This two-part series of articles discusses the prospects of the next decade in which a slow rate of economic growth is likely to lead to a stabilisation, if not an actual decline in the availability of investment resources. Methods of investment appraisal are reviewed to show that the justification of many recent rapid-transit projects is doubtful. Often the need to get better use from existing facilities does not receive enough attention. The cost effectiveness of refurbishment is examined and the importance of good timing is investigated. Low-investment solutions will now have to be considered on equal terms withthe often simple but more expensive solution. A relief roadis generally more acceptable than a traffic restraint scheme. The authors use the request for increased vehicle weights by road hauliers to show that current working practices also play a part in the argument. Future project planning will require more accurate engineering costing thanwas the case in the past, and higher standards for costing expenditure will be needed. Much greater involvement in the costing of operations in disaggregated terms will be needed. (TRRL)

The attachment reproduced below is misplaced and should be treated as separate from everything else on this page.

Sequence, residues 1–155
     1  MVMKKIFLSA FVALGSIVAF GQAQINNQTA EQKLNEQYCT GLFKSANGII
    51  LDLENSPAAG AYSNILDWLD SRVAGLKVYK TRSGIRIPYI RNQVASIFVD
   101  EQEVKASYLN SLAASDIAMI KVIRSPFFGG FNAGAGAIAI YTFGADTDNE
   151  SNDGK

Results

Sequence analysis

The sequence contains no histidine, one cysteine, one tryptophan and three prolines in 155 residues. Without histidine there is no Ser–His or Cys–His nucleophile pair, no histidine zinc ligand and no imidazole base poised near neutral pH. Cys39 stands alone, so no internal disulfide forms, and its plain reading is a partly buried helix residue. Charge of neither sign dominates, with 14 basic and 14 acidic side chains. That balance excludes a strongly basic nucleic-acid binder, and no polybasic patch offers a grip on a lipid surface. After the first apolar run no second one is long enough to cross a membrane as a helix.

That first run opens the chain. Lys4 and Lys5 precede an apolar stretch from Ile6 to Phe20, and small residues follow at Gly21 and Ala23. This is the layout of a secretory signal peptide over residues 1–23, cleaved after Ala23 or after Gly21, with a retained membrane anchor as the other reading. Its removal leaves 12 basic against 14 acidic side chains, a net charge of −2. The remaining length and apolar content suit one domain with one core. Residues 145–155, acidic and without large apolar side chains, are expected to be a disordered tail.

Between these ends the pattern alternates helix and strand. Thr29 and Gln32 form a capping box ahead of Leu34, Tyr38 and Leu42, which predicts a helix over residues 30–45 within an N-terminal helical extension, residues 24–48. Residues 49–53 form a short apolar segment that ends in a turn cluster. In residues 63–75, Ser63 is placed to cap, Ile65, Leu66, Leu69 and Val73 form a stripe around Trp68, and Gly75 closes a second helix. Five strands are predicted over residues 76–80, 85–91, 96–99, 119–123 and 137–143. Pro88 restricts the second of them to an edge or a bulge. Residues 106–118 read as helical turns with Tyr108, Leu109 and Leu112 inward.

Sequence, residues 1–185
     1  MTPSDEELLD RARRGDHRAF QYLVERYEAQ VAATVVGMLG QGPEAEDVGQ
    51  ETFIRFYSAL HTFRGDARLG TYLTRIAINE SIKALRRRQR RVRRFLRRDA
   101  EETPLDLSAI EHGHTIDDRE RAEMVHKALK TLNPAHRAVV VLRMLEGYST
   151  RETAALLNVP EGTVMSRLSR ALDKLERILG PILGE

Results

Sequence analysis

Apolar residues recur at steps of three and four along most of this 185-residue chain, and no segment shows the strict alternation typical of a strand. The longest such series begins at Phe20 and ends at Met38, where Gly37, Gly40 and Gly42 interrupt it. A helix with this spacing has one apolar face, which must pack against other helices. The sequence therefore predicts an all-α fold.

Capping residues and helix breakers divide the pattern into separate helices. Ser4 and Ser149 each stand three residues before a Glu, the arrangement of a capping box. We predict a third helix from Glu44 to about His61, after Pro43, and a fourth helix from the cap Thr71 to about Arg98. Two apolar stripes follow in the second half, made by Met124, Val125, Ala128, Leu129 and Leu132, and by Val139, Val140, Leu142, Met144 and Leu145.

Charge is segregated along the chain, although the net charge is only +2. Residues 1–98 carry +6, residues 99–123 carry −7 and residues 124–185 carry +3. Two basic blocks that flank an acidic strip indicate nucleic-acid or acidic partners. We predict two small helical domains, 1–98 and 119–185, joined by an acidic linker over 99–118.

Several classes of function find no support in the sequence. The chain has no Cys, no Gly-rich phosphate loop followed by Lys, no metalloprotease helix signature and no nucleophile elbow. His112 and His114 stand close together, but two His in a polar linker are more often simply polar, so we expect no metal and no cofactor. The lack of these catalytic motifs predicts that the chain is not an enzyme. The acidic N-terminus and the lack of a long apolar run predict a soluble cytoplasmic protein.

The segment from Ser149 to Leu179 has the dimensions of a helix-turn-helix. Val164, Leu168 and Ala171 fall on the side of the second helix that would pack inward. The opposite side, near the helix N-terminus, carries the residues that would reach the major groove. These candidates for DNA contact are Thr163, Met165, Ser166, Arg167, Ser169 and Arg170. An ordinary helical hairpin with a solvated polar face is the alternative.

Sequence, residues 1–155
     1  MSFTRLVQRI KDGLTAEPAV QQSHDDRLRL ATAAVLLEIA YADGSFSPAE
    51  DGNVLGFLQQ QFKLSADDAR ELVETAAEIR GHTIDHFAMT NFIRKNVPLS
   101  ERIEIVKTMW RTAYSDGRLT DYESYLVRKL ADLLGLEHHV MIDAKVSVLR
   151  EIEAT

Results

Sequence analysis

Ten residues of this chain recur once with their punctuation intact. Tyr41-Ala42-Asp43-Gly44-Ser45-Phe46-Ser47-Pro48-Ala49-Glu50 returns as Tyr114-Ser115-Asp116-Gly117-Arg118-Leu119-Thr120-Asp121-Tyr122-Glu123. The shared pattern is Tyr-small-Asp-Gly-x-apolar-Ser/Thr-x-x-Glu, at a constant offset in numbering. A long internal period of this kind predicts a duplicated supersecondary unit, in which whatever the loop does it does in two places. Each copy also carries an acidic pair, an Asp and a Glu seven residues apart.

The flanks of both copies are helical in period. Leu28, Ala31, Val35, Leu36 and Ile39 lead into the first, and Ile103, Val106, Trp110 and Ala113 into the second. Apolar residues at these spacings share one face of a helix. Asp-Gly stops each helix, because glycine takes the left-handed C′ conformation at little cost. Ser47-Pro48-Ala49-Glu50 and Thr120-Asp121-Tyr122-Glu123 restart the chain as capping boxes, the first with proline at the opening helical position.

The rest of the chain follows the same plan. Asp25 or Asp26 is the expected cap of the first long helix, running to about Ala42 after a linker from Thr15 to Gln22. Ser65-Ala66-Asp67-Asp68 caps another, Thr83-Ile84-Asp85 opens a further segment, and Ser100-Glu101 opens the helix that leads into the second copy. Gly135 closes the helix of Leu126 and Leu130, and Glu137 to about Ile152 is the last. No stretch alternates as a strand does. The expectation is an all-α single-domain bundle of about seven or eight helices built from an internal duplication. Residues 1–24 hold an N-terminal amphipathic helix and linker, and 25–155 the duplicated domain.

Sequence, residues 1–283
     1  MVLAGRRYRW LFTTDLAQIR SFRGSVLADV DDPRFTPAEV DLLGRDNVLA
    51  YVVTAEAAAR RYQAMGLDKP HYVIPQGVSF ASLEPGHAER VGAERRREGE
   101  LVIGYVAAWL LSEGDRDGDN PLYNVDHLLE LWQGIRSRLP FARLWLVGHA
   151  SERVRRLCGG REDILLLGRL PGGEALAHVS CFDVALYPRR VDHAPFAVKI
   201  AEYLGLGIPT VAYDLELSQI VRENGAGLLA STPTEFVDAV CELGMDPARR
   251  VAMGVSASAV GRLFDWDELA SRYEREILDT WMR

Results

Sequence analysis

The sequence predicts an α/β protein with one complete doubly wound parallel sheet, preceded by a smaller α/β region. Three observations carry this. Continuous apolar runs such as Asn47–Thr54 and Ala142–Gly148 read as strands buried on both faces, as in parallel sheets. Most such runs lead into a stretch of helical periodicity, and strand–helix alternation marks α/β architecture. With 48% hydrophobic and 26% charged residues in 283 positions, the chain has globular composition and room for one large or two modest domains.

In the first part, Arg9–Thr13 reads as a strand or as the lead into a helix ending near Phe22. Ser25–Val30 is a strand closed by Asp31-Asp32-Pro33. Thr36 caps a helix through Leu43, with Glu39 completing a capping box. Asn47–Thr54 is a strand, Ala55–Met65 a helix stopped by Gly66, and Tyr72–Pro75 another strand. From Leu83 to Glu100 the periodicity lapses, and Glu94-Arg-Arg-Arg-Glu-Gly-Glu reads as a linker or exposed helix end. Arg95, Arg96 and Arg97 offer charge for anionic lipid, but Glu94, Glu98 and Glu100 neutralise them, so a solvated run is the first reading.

• Availability:
  • Corporate Authors:

    IPC Building and Contract Journals Limited

    Surrey House, 1 Throwley Way
    Sutton, Surrey SM1 4QQ,   England 
  • Authors:
    • Heggie, I G
    • Ody, J G
  • Publication Date: 1981-1-1

Media Info

  • Features: Figures; Photos; References;
  • Pagination: p. 10
  • Serial:
    • Volume: 156
    • Publisher: Hemming Group, Limited
    • ISSN: 0039-6303

Subject/Index Terms

Filing Info

  • Accession Number: 00335237
  • Record Type: Publication
  • Source Agency: Transport Research Laboratory
  • Report/Paper Numbers: No. 4620/1
  • Files: ITRD, TRIS
  • Created Date: Oct 28 1981 12:00AM